The country's largest Muslim civil rights and advocacy organization issued a travel advisory on its website "amid the French government's 'hypocritical and dangerous' campaign of Islamophobic bigotry targeting French Muslims, mosques and Islamic organizations."
It cited a racist stabbing attack on two Muslim women in Paris and legal prohibitions on religious attire.
In a statement, CAIR National Executive Director Nihad Awad called on the French government to end its "irrational, illegal and hypocritical campaign of bigotry against its own citizens."
"Everyone in France should have the right to practice their religion, and everyone around the world has the right to decide which products they purchase," said Awad.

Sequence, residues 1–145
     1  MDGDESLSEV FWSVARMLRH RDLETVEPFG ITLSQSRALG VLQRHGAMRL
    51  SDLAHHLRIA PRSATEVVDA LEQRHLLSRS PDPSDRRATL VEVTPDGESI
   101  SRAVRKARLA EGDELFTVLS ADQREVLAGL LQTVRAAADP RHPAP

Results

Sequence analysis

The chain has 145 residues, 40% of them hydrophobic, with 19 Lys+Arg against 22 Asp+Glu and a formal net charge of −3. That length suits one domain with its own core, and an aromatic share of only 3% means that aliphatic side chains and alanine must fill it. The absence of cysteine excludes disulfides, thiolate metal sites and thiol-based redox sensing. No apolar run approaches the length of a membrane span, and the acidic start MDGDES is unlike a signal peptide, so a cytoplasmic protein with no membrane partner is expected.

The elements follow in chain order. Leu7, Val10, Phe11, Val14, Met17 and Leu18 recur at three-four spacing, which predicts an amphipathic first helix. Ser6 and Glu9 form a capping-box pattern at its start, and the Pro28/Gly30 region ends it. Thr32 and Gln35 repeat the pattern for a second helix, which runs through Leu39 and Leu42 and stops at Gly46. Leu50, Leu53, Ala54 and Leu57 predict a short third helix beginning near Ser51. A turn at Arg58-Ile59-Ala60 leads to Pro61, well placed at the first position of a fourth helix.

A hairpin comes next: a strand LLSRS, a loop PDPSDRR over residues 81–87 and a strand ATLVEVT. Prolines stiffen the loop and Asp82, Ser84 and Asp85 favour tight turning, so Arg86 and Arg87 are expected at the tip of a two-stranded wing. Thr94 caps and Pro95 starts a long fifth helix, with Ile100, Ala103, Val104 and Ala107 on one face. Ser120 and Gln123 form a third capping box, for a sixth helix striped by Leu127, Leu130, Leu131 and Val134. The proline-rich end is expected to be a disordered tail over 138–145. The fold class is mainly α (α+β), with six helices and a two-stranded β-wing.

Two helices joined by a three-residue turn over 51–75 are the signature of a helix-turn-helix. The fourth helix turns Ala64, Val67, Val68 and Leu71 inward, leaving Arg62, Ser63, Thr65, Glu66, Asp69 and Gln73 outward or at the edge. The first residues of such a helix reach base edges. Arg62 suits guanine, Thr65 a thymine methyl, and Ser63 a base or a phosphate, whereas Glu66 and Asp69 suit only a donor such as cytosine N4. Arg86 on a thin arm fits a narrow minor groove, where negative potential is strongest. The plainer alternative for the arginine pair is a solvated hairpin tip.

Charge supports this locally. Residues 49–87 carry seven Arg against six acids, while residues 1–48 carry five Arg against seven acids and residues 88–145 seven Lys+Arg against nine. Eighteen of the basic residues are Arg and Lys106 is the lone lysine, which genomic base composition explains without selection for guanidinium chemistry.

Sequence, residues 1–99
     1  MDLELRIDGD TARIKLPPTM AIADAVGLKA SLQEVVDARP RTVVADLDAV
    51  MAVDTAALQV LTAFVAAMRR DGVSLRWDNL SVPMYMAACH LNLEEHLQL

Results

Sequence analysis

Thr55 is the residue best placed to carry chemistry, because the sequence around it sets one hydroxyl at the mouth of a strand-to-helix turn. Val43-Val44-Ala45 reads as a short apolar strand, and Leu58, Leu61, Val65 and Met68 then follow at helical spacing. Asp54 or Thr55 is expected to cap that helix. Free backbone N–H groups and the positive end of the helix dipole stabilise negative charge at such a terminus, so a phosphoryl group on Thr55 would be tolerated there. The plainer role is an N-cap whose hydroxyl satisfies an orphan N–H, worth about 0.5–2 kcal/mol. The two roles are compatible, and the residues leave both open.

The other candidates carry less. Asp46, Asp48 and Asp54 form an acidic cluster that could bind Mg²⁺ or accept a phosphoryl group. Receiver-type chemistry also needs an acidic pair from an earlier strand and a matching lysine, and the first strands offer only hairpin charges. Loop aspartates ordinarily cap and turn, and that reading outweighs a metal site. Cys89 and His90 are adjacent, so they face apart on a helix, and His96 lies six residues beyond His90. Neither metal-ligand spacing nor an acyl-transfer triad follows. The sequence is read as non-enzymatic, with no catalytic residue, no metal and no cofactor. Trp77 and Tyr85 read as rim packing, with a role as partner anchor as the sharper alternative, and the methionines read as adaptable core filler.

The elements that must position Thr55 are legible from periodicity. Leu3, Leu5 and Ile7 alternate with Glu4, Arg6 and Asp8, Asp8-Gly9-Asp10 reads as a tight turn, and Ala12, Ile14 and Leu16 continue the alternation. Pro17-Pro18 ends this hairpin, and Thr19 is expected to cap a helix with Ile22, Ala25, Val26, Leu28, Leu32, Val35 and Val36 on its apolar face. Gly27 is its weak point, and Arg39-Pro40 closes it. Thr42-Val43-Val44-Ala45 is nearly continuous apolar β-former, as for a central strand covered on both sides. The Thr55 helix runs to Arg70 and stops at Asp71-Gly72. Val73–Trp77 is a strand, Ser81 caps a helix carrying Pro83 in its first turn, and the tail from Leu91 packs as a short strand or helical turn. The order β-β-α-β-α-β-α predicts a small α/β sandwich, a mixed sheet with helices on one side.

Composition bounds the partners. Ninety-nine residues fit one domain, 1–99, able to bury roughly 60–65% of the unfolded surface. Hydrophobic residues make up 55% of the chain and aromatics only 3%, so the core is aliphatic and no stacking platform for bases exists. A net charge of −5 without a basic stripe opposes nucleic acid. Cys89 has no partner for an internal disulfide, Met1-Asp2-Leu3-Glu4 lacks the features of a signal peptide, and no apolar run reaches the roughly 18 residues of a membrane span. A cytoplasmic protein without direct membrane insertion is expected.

"France cannot extol the virtues of free speech while punishing French Muslims for engaging in free speech, nor can France claim to be a beacon of freedom while calling on dictatorships to ban their Muslim citizens from boycotting French products," said Awad.
'Macron divides France'
Muslims in France, on the other hand, say that Macron has divided the country with the controversial remarks on Islam.
Amid tension between the government and French Muslims, Macron on Monday posted a photo on Twitter saying, "We are one," which Yasser Louati, head of the Justice and Liberties for All Committee, called a "joke," accusing the president of "excluding Muslim citizens."
"How did we go from France being celebrated in the Muslim world or the Arab world for its refusal to join America in destroying Iraq in 2003 to France today being boycotted under Emmanuel Macron?" Louati asked in an interview with AA, adding that Macron lacks an understanding of foreign policy.
"His arrogance has not only divided the French population but also brought it to a crisis," the human rights activist added.